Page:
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Castle Gresley motte and bailey castle

A Scheduled Monument in Castle Gresley, Derbyshire

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Latitude: 52.7579 / 52°45'28"N

Longitude: -1.5875 / 1°35'14"W

OS Eastings: 427936.452708

OS Northings: 317891.346305

OS Grid: SK279178

Mapcode National: GBR 5FJ.1GR

Mapcode Global: WHCGD.LY82

Entry Name: Castle Gresley motte and bailey castle

Scheduled Date: 31 August 1966

Last Amended: 17 January 1994

Source: Historic England

Source ID: 1011209

English Heritage Legacy ID: 23288

County: Derbyshire

Civil Parish: Castle Gresley

Built-Up Area: Swadlincote

Traditional County: Derbyshire

Lieutenancy Area (Ceremonial County): Derbyshire

Church of England Parish: Linton and Castle Gresley Christ Church

Church of England Diocese: Derby


The monument includes the motte and three baileys of Castle Gresley motte and
bailey castle. The centrally placed motte is a steep-sided conical mound
measuring c.4m high. Its summit is roughly circular and slightly raised around
the edge, indicating that it was the site of a stone wall or timber palisade.
The overall width of the summit is c.12m but, on the north-east side, there is
a raised circular platform measuring c.5m wide. This is interpreted as the
site of a tower or keep. Round the base of the motte is a 10m wide ditch with
a current depth of c.2m. This feature is best preserved on the south, east and
west sides of the motte but also exists as a buried feature on the north side
where it has been partially filled in with earth from the adjacent modern
housing development. At its east end, the ditch is truncated by a 2m wide bank
which connects the motte to a 3m high mound on the other side of the ditch.
This second mound or outwork would have been the site of another tower and may
have guarded the entrance into the castle. The motte and the outwork occupy
the north side of the central bailey which is the largest of the three
enclosures. It is divided from the northern bailey by a 2m deep linear ditch
which is c.5m wide and from the southern bailey by a short scarp and a 5m wide
berm or terrace. There are no earthwork ramparts round the edges of the site
but all three baileys are delimited by steep scarps which would, originally,
have been crowned by timber palisades. The buried remains of a variety of
domestic and ancillary buildings will survive within the baileys and will
include the lord's hall and other living accommodation, kitchens, workshops,
stabling and corrals for stock and horses. The castle is in an elevated
position and would, originally, have commanded wide views over the countryside
between the River Trent to the north and the River Mease to the south.
Excluded from the scheduling are all perimeter fencing, the sheds and stable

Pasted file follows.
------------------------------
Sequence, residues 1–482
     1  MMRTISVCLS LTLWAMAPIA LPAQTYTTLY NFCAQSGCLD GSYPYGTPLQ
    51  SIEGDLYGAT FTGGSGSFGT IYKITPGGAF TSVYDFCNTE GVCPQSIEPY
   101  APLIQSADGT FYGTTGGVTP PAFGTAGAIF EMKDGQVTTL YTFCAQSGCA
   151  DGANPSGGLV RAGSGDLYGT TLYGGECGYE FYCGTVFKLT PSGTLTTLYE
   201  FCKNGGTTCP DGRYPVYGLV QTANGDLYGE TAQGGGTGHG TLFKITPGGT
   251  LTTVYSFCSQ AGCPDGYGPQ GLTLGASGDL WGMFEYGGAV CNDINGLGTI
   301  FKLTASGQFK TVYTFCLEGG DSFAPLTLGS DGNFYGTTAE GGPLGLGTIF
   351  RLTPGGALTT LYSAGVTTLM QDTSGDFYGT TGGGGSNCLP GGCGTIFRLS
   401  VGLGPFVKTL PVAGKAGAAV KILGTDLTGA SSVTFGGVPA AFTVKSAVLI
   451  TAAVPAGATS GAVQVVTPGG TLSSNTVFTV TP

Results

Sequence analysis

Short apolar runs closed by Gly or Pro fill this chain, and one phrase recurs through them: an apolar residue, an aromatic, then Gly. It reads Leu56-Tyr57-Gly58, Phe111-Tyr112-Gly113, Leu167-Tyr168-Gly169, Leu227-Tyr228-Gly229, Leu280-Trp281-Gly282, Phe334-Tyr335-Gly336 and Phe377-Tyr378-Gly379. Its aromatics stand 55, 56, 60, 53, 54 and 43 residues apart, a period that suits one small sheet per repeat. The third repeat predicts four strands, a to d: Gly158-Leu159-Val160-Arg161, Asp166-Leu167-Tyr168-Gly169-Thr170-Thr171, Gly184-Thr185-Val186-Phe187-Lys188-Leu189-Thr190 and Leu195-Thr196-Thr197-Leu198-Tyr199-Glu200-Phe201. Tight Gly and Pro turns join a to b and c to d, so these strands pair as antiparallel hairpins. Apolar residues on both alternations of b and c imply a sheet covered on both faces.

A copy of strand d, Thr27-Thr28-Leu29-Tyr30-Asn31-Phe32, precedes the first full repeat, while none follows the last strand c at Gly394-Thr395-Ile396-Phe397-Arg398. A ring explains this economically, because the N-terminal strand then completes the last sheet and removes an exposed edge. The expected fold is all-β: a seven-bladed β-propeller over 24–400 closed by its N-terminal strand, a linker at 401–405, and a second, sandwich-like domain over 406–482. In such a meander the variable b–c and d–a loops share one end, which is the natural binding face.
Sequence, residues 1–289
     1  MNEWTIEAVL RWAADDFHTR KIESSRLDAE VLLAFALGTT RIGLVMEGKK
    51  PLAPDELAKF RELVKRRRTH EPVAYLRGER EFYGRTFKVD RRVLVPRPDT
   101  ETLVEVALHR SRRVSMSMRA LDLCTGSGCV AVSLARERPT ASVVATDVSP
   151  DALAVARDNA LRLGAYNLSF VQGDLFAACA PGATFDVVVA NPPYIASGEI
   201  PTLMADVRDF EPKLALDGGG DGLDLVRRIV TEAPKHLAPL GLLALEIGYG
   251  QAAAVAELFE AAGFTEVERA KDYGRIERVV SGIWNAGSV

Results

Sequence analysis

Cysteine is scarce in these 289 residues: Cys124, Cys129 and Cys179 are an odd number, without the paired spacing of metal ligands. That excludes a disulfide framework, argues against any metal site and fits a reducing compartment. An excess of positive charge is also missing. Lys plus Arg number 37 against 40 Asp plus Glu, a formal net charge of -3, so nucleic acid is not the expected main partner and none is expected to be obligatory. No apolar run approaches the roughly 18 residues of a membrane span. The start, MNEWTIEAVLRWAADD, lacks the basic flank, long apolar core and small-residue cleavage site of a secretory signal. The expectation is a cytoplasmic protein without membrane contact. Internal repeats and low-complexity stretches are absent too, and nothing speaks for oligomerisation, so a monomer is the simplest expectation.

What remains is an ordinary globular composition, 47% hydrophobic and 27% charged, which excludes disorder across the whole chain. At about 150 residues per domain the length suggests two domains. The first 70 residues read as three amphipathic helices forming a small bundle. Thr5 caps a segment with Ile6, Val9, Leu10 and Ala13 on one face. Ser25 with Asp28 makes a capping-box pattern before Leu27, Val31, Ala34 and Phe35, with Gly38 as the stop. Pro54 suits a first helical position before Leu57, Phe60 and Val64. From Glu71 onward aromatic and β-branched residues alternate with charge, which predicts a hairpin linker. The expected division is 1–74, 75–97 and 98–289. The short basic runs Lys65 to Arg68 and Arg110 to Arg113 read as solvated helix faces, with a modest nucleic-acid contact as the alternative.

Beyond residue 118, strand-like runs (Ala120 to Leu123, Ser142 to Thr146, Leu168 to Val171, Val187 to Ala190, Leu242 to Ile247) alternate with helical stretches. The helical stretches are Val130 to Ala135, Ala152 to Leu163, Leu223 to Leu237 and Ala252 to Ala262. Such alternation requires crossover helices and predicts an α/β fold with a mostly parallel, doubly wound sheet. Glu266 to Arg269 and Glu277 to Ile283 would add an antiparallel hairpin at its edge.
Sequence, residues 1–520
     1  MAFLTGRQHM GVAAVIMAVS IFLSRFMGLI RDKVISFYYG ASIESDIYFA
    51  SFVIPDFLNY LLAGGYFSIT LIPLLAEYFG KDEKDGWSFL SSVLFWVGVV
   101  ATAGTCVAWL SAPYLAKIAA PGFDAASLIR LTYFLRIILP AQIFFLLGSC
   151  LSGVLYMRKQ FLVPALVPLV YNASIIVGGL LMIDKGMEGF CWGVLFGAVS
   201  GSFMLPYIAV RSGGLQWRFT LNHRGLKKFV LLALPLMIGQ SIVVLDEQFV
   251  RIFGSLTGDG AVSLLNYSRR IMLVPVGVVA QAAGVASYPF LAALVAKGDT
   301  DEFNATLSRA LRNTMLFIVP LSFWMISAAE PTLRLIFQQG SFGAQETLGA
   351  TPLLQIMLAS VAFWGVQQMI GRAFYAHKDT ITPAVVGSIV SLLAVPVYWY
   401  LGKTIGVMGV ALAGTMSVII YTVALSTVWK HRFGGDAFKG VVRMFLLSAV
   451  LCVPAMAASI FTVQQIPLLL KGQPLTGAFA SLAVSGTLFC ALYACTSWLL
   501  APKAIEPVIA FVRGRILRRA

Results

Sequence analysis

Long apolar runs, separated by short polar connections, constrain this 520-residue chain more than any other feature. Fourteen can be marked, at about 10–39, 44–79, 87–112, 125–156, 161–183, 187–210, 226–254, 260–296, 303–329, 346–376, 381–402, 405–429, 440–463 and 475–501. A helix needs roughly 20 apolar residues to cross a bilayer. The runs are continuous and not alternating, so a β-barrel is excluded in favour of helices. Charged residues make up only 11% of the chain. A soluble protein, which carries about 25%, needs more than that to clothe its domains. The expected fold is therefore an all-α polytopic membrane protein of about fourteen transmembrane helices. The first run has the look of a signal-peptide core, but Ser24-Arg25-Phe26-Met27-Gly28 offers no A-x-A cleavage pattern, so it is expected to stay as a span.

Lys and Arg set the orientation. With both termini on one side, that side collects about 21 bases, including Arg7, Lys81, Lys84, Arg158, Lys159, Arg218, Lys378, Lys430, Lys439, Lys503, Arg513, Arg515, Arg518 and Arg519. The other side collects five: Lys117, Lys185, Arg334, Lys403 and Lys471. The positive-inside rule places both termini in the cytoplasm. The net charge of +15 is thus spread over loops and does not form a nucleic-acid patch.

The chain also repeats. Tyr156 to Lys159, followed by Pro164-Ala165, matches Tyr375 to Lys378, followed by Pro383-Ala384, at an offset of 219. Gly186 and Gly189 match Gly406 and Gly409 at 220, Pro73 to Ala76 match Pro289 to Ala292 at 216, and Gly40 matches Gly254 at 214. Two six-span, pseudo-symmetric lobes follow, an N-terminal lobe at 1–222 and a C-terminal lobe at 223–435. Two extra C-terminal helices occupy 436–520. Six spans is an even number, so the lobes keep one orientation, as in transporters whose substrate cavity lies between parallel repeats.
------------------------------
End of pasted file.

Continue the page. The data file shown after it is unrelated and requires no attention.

within the area of the north bailey, and the underground MOD installation in
the central bailey although the ground beneath all these features except the
MOD installation is included.

The site of the monument is shown on the attached map extract.

Source: Historic England

Reasons for Scheduling

Motte and bailey castles are medieval fortifications introduced into Britain
by the Normans. They comprised a large conical mound of earth or rubble, the
motte, surmounted by a palisade and a stone or timber tower. In a majority of
examples an embanked enclosure containing additional buildings, the bailey,
adjoined the motte. Motte castles and motte-and-bailey castles acted as
garrison forts during offensive military operations, as strongholds, and, in
many cases, as aristocratic residences and as centres of local or royal
administration. Built in towns, villages and open countryside, motte and
bailey castles generally occupied strategic positions dominating their
immediate locality and, as a result, are the most visually impressive
monuments of the early post-Conquest period surviving in the modern landscape.
Over 600 motte castles or motte-and-bailey castles are recorded nationally,
with examples known from most regions. As one of a restricted range of
recognised early post-Conquest monuments, they are particularly important for
the study of Norman Britain and the development of the feudal system. Although
many were occupied for only a short period of time, motte castles continued to
be built and occupied from the 11th to the 13th centuries, after which they
were superseded by other types of castle.

Castle Gresley motte and bailey castle is an extensive and well-preserved
example which has suffered only minimal disturbance and therefore retains
intact archaeological remains throughout.

Source: Historic England


Books and journals
The Victoria History of the County of Derby: Volume I, (1905), 379

Source: Historic England

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